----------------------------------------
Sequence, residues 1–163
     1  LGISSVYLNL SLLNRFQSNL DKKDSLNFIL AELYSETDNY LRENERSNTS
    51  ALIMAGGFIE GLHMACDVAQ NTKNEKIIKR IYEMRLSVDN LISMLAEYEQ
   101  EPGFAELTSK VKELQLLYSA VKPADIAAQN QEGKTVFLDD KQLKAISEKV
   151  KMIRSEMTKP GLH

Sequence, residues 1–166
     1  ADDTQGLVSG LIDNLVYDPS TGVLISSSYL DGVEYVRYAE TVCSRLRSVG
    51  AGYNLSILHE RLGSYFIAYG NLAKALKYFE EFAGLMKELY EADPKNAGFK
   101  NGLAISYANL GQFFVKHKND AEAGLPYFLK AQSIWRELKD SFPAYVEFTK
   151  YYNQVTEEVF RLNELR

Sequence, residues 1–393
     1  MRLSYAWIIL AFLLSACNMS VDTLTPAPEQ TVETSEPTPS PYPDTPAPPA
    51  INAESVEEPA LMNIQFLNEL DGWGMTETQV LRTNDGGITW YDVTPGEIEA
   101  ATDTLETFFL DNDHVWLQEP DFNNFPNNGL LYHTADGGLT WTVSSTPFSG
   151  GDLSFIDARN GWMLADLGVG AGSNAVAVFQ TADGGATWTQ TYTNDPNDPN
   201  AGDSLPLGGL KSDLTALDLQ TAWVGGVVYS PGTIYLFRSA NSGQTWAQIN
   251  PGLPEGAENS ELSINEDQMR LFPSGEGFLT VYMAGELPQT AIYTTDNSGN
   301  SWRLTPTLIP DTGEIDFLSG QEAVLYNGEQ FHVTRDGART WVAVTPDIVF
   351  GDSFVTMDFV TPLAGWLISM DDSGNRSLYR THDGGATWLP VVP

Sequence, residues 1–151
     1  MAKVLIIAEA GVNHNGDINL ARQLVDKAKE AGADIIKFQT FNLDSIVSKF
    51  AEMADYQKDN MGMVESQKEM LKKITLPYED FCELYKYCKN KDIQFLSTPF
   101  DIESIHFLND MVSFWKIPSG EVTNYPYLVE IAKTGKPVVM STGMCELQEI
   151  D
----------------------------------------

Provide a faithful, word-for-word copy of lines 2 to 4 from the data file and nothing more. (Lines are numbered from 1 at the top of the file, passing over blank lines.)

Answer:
     1  LGISSVYLNL SLLNRFQSNL DKKDSLNFIL AELYSETDNY LRENERSNTS
    51  ALIMAGGFIE GLHMACDVAQ NTKNEKIIKR IYEMRLSVDN LISMLAEYEQ
   101  EPGFAELTSK VKELQLLYSA VKPADIAAQN QEGKTVFLDD KQLKAISEKV